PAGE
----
Petco was found not negligent by a San Diego jury on Thursday in the case of a 10-year-old boy who died from a bacterial infection his parents said he contracted from his pet rat, which was purchased at the store.
Aidan Pankey, 10, died two weeks after he received the animal from his grandmother after contracting a rare infection called Rat Bite Fever, according to CBS 8. The boy’s father, Andrew Pankey, filed a lawsuit against Petco in late February 2014 asking the company for $20 million in damages.
“We remain deeply saddened by the Pankey family’s tragic loss and are committed to continuing to provide the highest level of safety to our customers in the future. The safety of people and pets is always Petco’s top priority,” Petco said in a statement to PEOPLE. “We agree with the jury’s ruling which validates our position that proper care, protocol and guidelines were adhered to by Petco in this case.”
Plaintiff attorney John H. Gomez argued that Petco was aware that the rodents could carry the disease and did little to warn possible consumers. He said the store should stop selling the animals unless they can test each rat to check if they are infected.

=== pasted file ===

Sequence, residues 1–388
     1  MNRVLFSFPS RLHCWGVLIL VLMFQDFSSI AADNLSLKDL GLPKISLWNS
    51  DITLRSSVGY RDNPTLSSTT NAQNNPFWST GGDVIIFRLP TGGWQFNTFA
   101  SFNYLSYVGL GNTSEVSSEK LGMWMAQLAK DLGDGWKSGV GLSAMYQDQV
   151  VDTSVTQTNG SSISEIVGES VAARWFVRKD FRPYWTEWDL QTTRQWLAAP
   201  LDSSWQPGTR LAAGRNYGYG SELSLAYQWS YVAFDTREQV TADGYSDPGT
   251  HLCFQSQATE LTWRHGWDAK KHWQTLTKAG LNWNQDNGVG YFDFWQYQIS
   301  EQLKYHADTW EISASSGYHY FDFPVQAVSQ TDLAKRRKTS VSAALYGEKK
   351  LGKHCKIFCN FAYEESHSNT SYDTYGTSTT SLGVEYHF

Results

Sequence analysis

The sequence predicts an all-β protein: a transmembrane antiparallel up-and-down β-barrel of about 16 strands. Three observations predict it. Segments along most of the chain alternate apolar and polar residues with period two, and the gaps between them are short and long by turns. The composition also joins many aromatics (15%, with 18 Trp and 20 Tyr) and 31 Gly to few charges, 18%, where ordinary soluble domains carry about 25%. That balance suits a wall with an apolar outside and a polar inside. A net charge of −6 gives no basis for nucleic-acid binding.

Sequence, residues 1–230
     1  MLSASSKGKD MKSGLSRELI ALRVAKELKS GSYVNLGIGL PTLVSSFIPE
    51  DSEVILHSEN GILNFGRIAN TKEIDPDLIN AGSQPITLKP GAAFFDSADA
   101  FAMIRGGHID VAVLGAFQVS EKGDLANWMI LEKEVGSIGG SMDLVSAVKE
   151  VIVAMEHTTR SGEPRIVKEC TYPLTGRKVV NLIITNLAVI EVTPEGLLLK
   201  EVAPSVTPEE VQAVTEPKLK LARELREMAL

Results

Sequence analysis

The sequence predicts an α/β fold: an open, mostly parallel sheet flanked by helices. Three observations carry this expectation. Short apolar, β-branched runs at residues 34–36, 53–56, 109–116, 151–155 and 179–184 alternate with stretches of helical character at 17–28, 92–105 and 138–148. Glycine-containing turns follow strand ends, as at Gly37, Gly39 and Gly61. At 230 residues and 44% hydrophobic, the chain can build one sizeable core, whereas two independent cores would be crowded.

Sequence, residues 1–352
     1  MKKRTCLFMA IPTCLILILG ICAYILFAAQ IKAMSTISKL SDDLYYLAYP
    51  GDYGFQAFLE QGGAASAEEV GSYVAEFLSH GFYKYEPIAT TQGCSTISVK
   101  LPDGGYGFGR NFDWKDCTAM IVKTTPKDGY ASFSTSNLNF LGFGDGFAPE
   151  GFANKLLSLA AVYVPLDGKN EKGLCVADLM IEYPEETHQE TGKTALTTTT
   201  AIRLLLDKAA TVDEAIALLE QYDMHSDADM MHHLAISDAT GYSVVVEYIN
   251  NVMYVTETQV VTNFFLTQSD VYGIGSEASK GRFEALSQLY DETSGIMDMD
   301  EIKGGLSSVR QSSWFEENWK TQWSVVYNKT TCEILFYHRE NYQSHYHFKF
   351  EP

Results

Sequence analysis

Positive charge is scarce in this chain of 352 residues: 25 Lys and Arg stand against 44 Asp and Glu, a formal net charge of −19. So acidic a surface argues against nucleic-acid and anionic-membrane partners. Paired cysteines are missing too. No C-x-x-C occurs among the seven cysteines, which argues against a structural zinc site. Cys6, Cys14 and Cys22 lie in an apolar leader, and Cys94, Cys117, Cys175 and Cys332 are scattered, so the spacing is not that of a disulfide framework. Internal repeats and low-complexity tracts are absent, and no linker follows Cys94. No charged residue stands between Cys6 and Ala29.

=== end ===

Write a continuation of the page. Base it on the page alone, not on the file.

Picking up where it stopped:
Petco attorney Kimberly Oberrecht countered that although Petco was working to develop a test, there is no way to determine how many rats are carriers.
“They warn about it because they know they can’t get rid of it,” Oberrecht told the jury. “It’s still very rare.”
The jury informed Judge Eddie Sturgeon that it had reached a decision in the case late Wednesday, according to CBS 8.
One of the jurors told reporters that they felt the pet store took multiple steps to warn customers of the possible dangers of owning a rat, according to a video shared by Gaby Rodriguez of NBC 7 on Facebook.
According to NBC 7, Aidan fell sick on June 12, 2013, suffering severe stomach pains. He was rushed to the hospital but died hours later.
The victim’s grandmother, Sharon Pankey, told reporters after the ruling that she hoped to warn the public of the dangers of owning a rat through this case.
“I never knew that a store like Petco would sell a rat that had such a high percentage of carrying [the disease],” she said. “I thought Rat Bite Fever was something wild rats carried.”